Top 25 Greatest Zombie Movies Of All Time
Top 25 Greatest Zombie Movies Of All Time. Photo KnowInsiders

Written on the themes of disaster and destruction, most movies about the fierce zombies contain symbolism and tell stories about the real situation. Here are top 25 Greatest Zombie Movies Of All Time from the latest to the oldest.

1. All of Us Are Dead (2022)

All of us are Dead is adapted from the popular webtoon ‘Now at our school’ by author Joo Dong Geun. The film tells story about the survival journey of a group of high school students when the zombie epidemic broke out at school.

Everything takes place at Hyosan High School, starting with Mr. Lee Byung Chan. Soon was bitten and turned into a zombie. Not only that, the zombie epidemic also spread everywhere. What do the rest of the students have to do to survive?

All episodes are released on Netflix.

2. Happiness (2021)

This 2021 thriller drama is directed by Ahn Gil-ho and stars Han Hyo-joo and Park Hyung-sik. The plot revolves around surviving a zombie apocalypse caused due to a virus.

A deadly new strain of a virus is spreading throughout the city. An apartment building that is home to people from different classes remains in quarantine. Its residents must survive in their new habitat fearing both the virus and the potential conflicts between disparate social groups.

Yoon Sae Bom has good judgment allowing for quick decision-making. She is self-righteous and unable to tolerate injustice. Not having grown up in a healthy environment, she's determined to live comfortably in a complicated world.

Detective Jung Yi Hyun, primarily in charge of violent crimes, now struggles to keep the apartment residents safe. A former baseball player, a knee injury forced his early retirement.

Han Tae Seok was once a military information agent who became a pharmaceutical company executive. He is well-placed to deal with infectious diseases.

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3. Ashin of the North (2021)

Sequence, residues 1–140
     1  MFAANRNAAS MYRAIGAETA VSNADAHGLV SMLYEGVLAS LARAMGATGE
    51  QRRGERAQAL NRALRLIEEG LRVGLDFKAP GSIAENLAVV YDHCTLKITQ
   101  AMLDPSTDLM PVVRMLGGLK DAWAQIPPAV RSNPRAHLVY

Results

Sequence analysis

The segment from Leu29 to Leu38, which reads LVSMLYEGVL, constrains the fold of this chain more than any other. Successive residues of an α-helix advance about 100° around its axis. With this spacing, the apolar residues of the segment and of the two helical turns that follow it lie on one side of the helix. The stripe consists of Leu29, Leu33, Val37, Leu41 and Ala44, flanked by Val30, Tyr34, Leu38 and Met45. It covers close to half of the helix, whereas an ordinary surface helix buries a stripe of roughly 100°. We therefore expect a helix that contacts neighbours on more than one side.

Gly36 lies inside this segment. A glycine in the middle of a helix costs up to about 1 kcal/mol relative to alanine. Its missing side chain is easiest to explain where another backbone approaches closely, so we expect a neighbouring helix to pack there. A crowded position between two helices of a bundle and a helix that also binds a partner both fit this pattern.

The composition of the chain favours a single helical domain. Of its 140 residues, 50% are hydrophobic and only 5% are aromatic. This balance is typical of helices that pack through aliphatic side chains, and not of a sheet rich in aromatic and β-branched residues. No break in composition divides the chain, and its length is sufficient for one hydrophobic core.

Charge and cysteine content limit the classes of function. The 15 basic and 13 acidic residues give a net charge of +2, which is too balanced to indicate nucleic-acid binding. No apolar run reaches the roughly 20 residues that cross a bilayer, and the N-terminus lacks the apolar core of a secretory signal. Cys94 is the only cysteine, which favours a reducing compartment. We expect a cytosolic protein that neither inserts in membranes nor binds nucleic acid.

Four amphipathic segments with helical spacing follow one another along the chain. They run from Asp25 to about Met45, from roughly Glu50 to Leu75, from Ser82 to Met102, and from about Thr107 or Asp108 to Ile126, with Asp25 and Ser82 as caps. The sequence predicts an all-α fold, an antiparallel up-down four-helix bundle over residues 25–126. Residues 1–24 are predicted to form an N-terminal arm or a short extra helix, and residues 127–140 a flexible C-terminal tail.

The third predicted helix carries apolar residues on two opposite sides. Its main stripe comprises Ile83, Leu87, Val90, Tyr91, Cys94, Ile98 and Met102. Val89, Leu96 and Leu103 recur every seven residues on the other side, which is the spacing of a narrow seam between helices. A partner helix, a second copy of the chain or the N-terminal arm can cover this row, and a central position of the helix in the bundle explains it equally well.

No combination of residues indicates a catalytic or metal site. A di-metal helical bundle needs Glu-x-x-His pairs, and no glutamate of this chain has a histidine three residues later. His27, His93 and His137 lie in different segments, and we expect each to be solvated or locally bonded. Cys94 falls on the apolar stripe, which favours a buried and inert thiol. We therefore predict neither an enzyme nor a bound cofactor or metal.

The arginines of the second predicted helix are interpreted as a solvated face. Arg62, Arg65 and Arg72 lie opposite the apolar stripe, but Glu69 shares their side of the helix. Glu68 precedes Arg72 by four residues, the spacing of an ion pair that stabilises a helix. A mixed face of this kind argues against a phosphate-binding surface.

This special episode of 'Kingdom' can be looked on as a feature film prequel. It tell the story of Ashin and how the plant that turns people into ferocious zombies is first used. As a child Ashin lived in a frontier village.

When members of a neighbouring tribe die while looking for wild ginseng in a forbidden area the authorities claim they were killed by a tiger and tell Ashin's father to relay that fact. He isn't believed. The village is attacked and Ashin is the sole survivor. She asks the local military commander too help her have her revenge. He allows her to stay in the base and she becomes more and more proficient in archery. She also finds a flower that writings on an old shrine says can bring people back from the dead... at a price. It is only a matter of time till she has her revenge.

Fan comments:

Kingdom Ashin Of North is a brilliant spin off of critically acclaimed Kingdom series which tells the story of Ashin and the origins of the undead.

The story was great along with the lead cast and overall production of this special episode. From the very beginning till the end, there was no boredom whatsoever. A story of survival, betrayal and revenge, Ashin Of North serves a great plot that will eventually tie up with Kingdom storyline. Jun Ji Hyun was brilliant as Ashin.

4. Peninsula (2020)

Gang Dong-won plays Jung Seok, a broken soldier who’s escaped the Korean peninsula, now overrun by the zombie plague and in permanent lockdown. But while he’s exiled in Hong Kong, the local triad goons make him an offer he can’t refuse: that he lead a group inside Seoul to recover $20m sitting in the back of a truck after a thwarted previous extraction.

Crossing the zombie flick with the heist movie promises an enlivening hybrid. But the robbery element is fairly quickly dispensed with, at which point director Yeon Sang-ho seems only to want to trudge in the footsteps of past post-apocalyptic cinema, notably Escape from New York and Mad Max. A rogue military outfit, Unit 631, now run this sector of the city, and find entertainment in throwing any human survivors they find into cage-fighting-style melees with the viral undead.

5. Rampant (2018)

Night Devil is about Prince Lee Chung (Hyun Bin), a high-class martial arts of the Joseon Dynasty. Lee Chung was sent to the Qing Dynasty of China as a hostage. After learning that Crown Prince Lee Young (Kim Tae-woo) committed suicide, Lee Chung immediately returned to the country.

On the way back to his hometown, Lee Chung encountered bloodthirsty zombies that only appeared after sunset. At the same time, Lee Chung also has to fight against the plot to usurp the throne of the great mandarin Kim Ja-joon (Jang Dong-gun).

6. One Cut of the Dead (2017)

Top 25 Greatest Zombie Movies Of All Time

This comedy grossed $31.2 million in revenue. One Cut of the Dead was praised by critics and audiences for its unique and innovative content.

The film revolves around director Higurashi - who is heavily in debt. He proceeded to shoot the zombie movie One Cut of the Dead at an abandoned water purification plant. But the cast was so bad that it made him depressed. Higurashi used his blood to activate the zombies at this factory to make the movie more realistic.